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The Gillette Group headquartered in Trinidad and Tobago and founded in 1983 under the banner of Computers and Controls Ltd., has twenty - two years later, grown beyond the boundaries of Trinidad and Tobago, extending its business interests across the Caribbean region and into North America... more

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Google to change privacy policy after investigation by UK data watchdog
Fri, 30 Jan 2015 06:24:04 -0500

A Google search page is reflected in sunglasses in this photo illustration taken in BrusselsSearch engine Google has agreed to better inform users about how it handles their personal information after an investigation by Britain's data protection regulator found its privacy policy was too vague. The Information Commissioner's Office said in a statement that it required Google to sign a "formal undertaking" that it would make the changes by June 30 and take further steps in the next two years. The ICO investigation stems from a privacy policy implemented by Google in March 2012 that consolidated some 70 existing privacy policies into one and pooled data collected on individual users across its services, including YouTube, Gmail and its social network Google+.


China's Alibaba meets with commerce regulator over fake product row
Fri, 30 Jan 2015 10:26:57 -0500

Ma, Founder and Executive Chairman of Alibaba Group, gestures during the session 'An Insight, An Idea with Jack Ma' in the Swiss mountain resort of DavosThe head of China's commerce regulator met with Alibaba Group Holding Ltd. chairman Jack Ma on Friday to discuss combating fake products, the official Xinhua news agency reported, with the two adopting a conciliatory tone after a row over illegal business on the internet company's platforms. Zhang Mao, minister of the State Administration for Industry and Commerce (SAIC), said the company had made good efforts in safeguarding consumer interests and added his agency should find new modes of oversight for e-commerce. SAIC issued what it called a "white paper" on Wednesday saying many products sold on Alibaba's e-commerce websites and services infringed on trademarks, were substandard or fake, were banned or endangered public security, and the company had not done enough to police the problem.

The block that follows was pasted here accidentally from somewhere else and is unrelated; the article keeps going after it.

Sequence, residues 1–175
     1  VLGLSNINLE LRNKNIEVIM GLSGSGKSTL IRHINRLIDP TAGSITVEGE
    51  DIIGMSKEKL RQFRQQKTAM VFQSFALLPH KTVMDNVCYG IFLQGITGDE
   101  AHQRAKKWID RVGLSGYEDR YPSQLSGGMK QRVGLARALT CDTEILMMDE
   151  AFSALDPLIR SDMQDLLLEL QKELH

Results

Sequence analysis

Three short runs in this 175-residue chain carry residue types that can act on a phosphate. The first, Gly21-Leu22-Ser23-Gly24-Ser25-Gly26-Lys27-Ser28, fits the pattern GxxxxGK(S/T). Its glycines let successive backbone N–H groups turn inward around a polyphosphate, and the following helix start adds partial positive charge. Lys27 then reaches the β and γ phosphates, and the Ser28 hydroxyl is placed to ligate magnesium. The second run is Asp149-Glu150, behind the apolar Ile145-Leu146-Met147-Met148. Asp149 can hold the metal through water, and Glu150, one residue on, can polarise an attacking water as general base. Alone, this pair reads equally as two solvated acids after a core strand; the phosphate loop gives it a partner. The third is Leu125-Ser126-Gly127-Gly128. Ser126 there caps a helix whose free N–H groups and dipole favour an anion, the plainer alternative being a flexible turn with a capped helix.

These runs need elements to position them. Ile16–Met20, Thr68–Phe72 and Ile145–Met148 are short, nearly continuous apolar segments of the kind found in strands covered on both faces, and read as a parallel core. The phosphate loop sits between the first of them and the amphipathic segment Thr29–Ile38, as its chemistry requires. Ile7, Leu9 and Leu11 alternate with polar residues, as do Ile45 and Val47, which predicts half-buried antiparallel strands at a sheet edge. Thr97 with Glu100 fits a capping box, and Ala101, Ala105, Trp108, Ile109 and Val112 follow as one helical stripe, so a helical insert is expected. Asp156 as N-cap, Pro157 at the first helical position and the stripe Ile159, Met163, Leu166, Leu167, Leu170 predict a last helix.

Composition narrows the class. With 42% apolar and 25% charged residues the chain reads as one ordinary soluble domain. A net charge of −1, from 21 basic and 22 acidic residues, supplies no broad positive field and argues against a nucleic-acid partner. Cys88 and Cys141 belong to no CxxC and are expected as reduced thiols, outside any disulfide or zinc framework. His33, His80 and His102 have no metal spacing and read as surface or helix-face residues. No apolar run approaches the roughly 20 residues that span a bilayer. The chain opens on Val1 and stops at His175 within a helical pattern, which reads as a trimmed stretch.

BMW fixes security flaw in its in-car software
Fri, 30 Jan 2015 10:19:41 -0500

A BMW logo is seen on a car at the Brussels International Auto ShowGerman luxury carmaker BMW has fixed a security flaw that could have allowed hackers to unlock the doors of up to 2.2 million Rolls-Royce, Mini and BMW vehicles, it said on Friday. BMW said officials at German motorist association ADAC had identified the problem, which affected cars equipped with the company's ConnectedDrive software using on-board SIM cards -- the chips used to identify authorized users of mobile devices. BMW drivers can use the software and SIM cards to activate door locking mechanisms, as well as a range of other services including real-time traffic information, online entertainment and air conditioning. The security risk occurred when data was transmitted, BMW said, adding it did not impede the car's critical functions of driving, steering or braking.


EU executive mulls introduction of new data retention law
Fri, 30 Jan 2015 07:34:45 -0500

A robotic tape library used for mass storage of digital data is pictured at the Konrad-Zuse Centre for applied mathematics and computer science (ZIB), in BerlinBy Francesco Guarascio BRUSSELS (Reuters) - The European Commission is mulling a new law requiring telecoms companies to store communications data of EU citizens as part of its efforts to fight terrorism, after a top court struck down the previous one on privacy concerns. The deadly Islamist attacks in Paris on Jan. 7-9 have focused European Union leaders' minds on how to intensify counter-terrorism efforts at home, such as by creating an EU system for storing airline passenger data. According to minutes from a meeting of the executive European Commission last week, it is also considering whether it should reintroduce a new data retention law that would avoid being struck down by the European Court of Justice (ECJ). EU Home Affairs Commissioner Dimitris Avramopoulos noted "on the one hand, the fundamental role that telecommunications records could play in the fight against terrorism and, on the other, the importance of adopting a cautious and measured approach".


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